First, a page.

General Motors’ (GM) decision to close the Lordstown, Ohio, assembly plant this year is leaving the small community of Americans in disarray and more disaffected than ever before.
In a New York Times report, American workers who have been recently laid off due to GM’s closure of the Lordstown Assembly Plant say their community, families, and livelihood hang in the balance while the multinational corporation and its CEO Mary Barra carry on, unaffected. Also slated to close is GM’s Detroit-Hamtramck and Warren Transmission plants in Michigan and the Baltimore Operations plant in Maryland, a move that is expected to leave about 14,700 laid off in the U.S. and Canada.
Closing the Lordstown plant resulted in the immediate layoff of about 1,600 American workers, and since 2017, GM has laid off about 4,500 American workers in Ohio. The GM plant closure is also expected to leave more than 8,000 American workers jobless in Lordstown and the surrounding area, as well as cut out about $8 billion in economic activity in the area. Already, more than 900 workers in supporting industries have been put out of work.
Laid-off American workers explained to the New York Times the sense of anxiety that the mass layoffs have caused for the Lordstown community.
“They’re scraping out what’s already been hollowed out,” Dave Green, president of the United Auto Workers’ Local 1112 union, told the Times. “We need G.M. It’s the last thing standing around here.”
Laid off GM worker Jonathan Achey, 45 years old, said the closing of GM’s plant while Barra earns a nearly $22 million annual paycheck is a “smack in the face” to the corporation’s employees:
My whole life has been General Motors. I have 28 years invested in the company that is doing this to me. I understand it’s a business, and they have to make decisions when it comes to business. If this is what they feel they have to do, then I’ll have to accept it. But it’s hard when you see money going to other places, when you see C.E.O.s making the money they’re making. Do I feel like I got slapped in the face? Absolutely. It definitely feels like a smack in the face. But am I going to let that determine who I am after 45 years? No, I’m not. I’m not. I can’t, and I won’t. [Emphasis added]
Kesha Scales, a 22-year employee at GM’s Lordstown plant, echoed a similar sentiment, telling the Times that while this work is her and so many others’ livelihood, GM executives do not have that same loyalty:
The feeling in the plant my last day was eerie, because nobody knew what to say. That’s why I was so hellbent on trying to get out of there as fast as I could. I didn’t want to see that last Cruze — I just didn’t. I walked out, and I didn’t look back. I didn’t want to look back. I just kept saying to myself, “This is the last time you’re going to make this trip, from somewhere that you’ve been going for 22 years.” I was so loyal to G.M., but it’s just a game to them. [Emphasis added]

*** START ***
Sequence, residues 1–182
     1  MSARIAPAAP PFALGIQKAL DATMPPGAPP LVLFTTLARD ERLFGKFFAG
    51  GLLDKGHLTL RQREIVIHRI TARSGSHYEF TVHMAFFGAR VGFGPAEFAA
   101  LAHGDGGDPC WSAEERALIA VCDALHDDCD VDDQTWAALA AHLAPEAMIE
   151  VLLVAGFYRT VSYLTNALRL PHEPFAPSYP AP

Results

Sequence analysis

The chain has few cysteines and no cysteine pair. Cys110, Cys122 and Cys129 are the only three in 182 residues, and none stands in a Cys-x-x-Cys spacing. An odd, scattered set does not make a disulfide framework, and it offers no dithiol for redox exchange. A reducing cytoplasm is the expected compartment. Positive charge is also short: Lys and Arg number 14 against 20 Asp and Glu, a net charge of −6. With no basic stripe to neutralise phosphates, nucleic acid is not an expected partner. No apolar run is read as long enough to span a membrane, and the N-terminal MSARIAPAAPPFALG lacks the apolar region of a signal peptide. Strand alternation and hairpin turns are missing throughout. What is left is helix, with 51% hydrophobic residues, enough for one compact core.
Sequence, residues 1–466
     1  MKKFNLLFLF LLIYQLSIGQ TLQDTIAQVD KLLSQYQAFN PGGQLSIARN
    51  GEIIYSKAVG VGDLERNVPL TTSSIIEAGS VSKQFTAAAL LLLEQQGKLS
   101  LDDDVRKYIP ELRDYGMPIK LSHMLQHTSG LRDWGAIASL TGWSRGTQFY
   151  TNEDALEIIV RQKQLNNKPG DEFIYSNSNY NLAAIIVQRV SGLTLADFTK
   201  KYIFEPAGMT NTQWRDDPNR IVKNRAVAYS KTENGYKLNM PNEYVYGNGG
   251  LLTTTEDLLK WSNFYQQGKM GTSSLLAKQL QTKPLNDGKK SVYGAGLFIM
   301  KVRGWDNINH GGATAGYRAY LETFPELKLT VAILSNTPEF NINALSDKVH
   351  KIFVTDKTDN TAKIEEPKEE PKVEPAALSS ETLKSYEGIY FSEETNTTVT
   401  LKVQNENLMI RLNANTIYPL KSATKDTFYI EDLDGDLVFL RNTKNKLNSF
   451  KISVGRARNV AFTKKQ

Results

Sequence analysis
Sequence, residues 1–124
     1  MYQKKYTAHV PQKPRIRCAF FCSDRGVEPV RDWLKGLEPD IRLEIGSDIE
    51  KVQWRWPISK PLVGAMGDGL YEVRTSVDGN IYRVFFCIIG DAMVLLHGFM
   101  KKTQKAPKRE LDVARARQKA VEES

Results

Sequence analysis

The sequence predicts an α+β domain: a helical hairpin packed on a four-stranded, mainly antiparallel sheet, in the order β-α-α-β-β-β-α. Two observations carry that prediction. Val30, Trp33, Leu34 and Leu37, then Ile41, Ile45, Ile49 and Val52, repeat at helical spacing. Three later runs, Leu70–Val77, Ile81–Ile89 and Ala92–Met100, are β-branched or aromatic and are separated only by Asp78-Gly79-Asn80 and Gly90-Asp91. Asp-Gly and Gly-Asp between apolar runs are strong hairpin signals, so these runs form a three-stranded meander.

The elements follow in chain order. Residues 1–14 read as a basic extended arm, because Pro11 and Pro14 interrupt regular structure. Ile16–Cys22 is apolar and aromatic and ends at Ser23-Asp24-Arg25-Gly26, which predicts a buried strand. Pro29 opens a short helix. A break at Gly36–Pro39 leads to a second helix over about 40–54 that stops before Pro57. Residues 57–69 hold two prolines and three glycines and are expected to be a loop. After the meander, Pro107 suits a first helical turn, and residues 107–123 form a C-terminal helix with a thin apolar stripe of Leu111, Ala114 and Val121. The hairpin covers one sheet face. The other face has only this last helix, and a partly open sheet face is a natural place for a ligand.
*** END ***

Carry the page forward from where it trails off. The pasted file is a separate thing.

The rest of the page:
Ernie Long, a 41-year-old husband and father of two, explained how he had bought his property seven years ago, worked hard for those years and eventually was able to build a home for his family in the area. Now, two years after building his home, Barra “thinks we don’t need to sell the Cruze anymore,” Long told the Times.
The prospect of having to move away from his family just to find work is nerve-wracking, Long said:
If we have to move for work, I’ll have to go by myself. We’ve had the conversation. I wouldn’t say I’d be mentally prepared, but I know I’d have to leave. I would’ve liked to go to Toledo, or Parma, or Buffalo-Tonawanda. They’re all within about three hours — if I needed to come home that day, I could drive back. Whereas if I went to Spring Hill, that’s nine hours one way. Eydokia would still have her parents here to help her with the kids, and obviously I’d send money home. We would have to pay for rent there and a mortgage here; I’d have to move in with somebody. I still have work to do at my house; I still have a yard to put in. But how are you going to do that knowing you don’t have a job? [Emphasis added]
Cindy Higinbotham, a 13-year-old high school student in Lordstown, told the Times of her fears of having to move because her father, who has lived in the area his entire life, was laid off by GM.
“I’m scared about moving, but I’m trying to be brave about it,” Higinbotham said. “I know it’s going to be hard, because I’ll be going into a new school. I have to make new friends, and I’m not really social.”
Though Barra allegedly blamed union workers for GM’s close of the Lordstown plant in a conversation with President Donald Trump, negotiations between GM and the UAW detail how union workers were willing to accept nearly $120 million a year in concessions to keep the plant open. Still, Barra and executives moved forward with the plant’s closure.
While Americans are laid off en masse at GM, the corporation’s production in Mexico remains unaffected by any job reductions and has even announced additional production in China.
Experts have called on Trump to implement a 25 percent auto tariff to protect American auto worker jobs and the U.S. auto industry from Chinese domination. Likewise, Sen. Bernie Sanders (I-VT), vying for the Democrat nomination for president, has told Trump to immediately ban GM from receiving federal contracts for their outsourcing, offshoring, and mass layoff scheme.
GM is looking to manufacture an electric Cadillac in China and continue manufacturing its Envision compact vehicle in China. The made-in-Mexico Chevrolet Blazer will soon arrive in U.S. markets. Last year, GM became the largest automaker in Mexico as it has cut jobs in America and increased production in Mexico.
John Binder is a reporter for Breitbart News. Follow him on Twitter at @JxhnBinder.
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